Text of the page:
After months of meetings, a municipal board formed to give Gov. Sean Parnell input on the proposed Alaska LNG Project has been inundated with information on the project and is working toward a recommendation on the controversial move from the current property tax model to a payment in lieu of taxes, or PILT model.
At least one member of the board, Kenai Peninsula Borough Mayor Mike Navarre, said he has become more comfortable with the idea of a PILT as the meetings progress.
The Alaska LNG Project includes an 800-mile pipeline to move liquefied natural gas from the North Slope to Southcentral, an LNG plant at Nikiski and a major gas processing plant on the North Slope.
When considering changes to the existing tax structure, Navarre said he had to take a statewide perspective rather than one that only considered the needs of the Kenai Peninsula Borough.
“For (the Kenai Peninsula Borough) it would probably be better if we just did it under the existing tax structure as we have the (majority of the taxable portions of the project) sited here. We’re getting a good portion of the tax value,” he said. “But, currently under the statutes, the state doesn’t get any revenues off of LNG facilities … So, for the rest of the state, I think a PILT works better because there are impacts all over the state because of this project, and those impacts need to be compensated.”
The Municipal Advisory Gas Project Review Board was formed in March of 2014 after mayors from municipalities across the state, which stand to be affected by the pipeline, voiced concerns that the state would change the tax structure without weighing the concerns of those who would be directly affected by the change. The existing oil and gas pipeline tax structure is a major source of revenue for the state, but the structure for taxing a liquefied natural gas pipeline does not exist, and must be developed.
The 12-member board includes the mayors of the North Slope, Fairbanks North Star, Denali, Matanuska-Susitna and Kenai Peninsula boroughs, in addition to the commissioners of the Department of Revenue, the Department of Natural Resources and the Department of Commerce, Community and Economic Development.
The pipeline project proposal has generated a lot of interest in the state, with BP, ConocoPhillips, ExxonMobil and TransCanada signing on as partners. The state is also a partner in the project through its Alaska Gasline Development Corp., but the state’s role as a partner has also put it in conflict with its role as a negotiator on behalf of municipalities that will be affected by the pipeline.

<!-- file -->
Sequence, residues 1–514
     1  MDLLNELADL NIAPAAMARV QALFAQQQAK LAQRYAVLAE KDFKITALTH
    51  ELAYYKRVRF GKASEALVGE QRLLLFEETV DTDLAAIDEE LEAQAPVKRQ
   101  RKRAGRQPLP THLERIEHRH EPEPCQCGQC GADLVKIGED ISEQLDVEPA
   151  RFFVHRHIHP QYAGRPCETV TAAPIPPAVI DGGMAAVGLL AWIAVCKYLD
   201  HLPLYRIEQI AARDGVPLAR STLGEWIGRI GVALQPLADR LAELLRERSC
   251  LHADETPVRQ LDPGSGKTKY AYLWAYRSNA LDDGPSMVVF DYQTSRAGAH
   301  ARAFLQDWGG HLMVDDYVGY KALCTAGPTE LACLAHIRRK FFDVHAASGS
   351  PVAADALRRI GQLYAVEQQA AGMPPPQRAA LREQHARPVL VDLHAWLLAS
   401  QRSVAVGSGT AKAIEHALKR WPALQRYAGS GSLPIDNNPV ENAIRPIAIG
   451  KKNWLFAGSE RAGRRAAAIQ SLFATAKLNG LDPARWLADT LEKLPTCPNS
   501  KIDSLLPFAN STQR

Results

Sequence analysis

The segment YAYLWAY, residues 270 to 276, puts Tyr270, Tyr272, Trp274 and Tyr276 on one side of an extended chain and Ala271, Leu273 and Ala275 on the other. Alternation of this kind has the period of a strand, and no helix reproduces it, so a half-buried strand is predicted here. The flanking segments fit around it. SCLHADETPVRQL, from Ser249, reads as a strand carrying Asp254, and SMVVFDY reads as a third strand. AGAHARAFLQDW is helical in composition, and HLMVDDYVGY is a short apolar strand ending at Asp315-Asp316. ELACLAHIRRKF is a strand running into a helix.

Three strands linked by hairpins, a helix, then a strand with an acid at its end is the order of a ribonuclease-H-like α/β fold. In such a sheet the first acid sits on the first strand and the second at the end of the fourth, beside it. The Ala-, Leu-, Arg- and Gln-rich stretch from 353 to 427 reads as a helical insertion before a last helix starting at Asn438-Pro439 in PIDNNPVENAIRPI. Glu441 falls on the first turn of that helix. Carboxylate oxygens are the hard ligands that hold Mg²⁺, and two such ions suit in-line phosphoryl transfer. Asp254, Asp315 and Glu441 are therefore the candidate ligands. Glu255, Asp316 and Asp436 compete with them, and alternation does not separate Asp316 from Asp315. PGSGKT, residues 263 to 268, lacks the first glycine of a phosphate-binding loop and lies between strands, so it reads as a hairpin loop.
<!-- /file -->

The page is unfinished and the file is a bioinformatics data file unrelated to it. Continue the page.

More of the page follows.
“One of the things that (the municipalities) were arguing for was, wait a minute, if the state has an equity interest in this pipeline, it creates a conflict between them and the municipalities … if you’re an equity owner, you want the expenses as low as you can get them,” Navarre said. “We didn’t want them negotiating our share to the state’s side of the ledger, without at least having some involvement and I think that’s legitimate.”
In addition to concerns about the state’s role as a negotiator, Navarre said borough mayors, specifically North Slope, Valdez and Fairbanks which tax at a much higher rate than the Kenai Peninsula Borough, did not want to see a new tax structure applied to existing infrastructure and projects as it could represent a significant loss of revenue.
“The state has told us that’s not the case, they’re not going to go in that direction and that they don’t need to because the economics of oil are different,” Navarre said.
During the board’s Nov. 12 meeting, members were given a complex model of what municipal revenues could be if the project were to succeed and continue under the current tax structure.
It’s the first step in a process that should allow board members to compare potential revenues between the current structure and a proposed PILT, Navarre said.
“In terms of the project, what happens in the normal tax structure is you get, let’s say $23 billion and that’s the start. So you tax it. Then, over time, if throughput drops or through just natural depreciation of value, this income starts going down and, also, because the taxes are so heavily loaded on the front end, revenues are dropping year after year,” he said.
The PILT, depending on its structure, could allow project managers to spread that cost out of over time, resulting in consistent revenues for municipalities and the state.
“So it may make sense to try to equalize this project out,” he said. “There’s a lot of calculations that go into that in terms of time, value of money and things like that, but for a project, it makes sense because they are going to be going into 25-30 year contracts and they’re based on pricing.”
Navarre said board members had been discussing a PILT based on a throughput model, which could benefit municipalities because the LNG project’s long-term contracts would guarantee throughput.
“So, if we get a valuation based on throughput, that sort of gives you an equal amount every year, then you’re not messing around with battles on ‘OK, what’s this pipeline really worth,’” Navarre said.
Boardmembers have not yet seen a model of a PILT, Navarre said.
The board is also working to prepare its first report, due annually by Dec. 15 according to the administrative order that established the group.
Ultimately, Navarre said he hoped to see the state follow a municipal advisory board recommendation that would be beneficial to all involved.
“It really boils down to dollars and cents and how they’re allocated. The state’s going to get a share, municipalities are going to get a share and right now, my concern was not that a PILT is bad, but that a PILT that goes to the state and the state then allocates would be bad for us,” he said. “That was my biggest concern because I’ve seen fights over a big pile of money before.”
Rashah McChesney can be reached at email@example.com.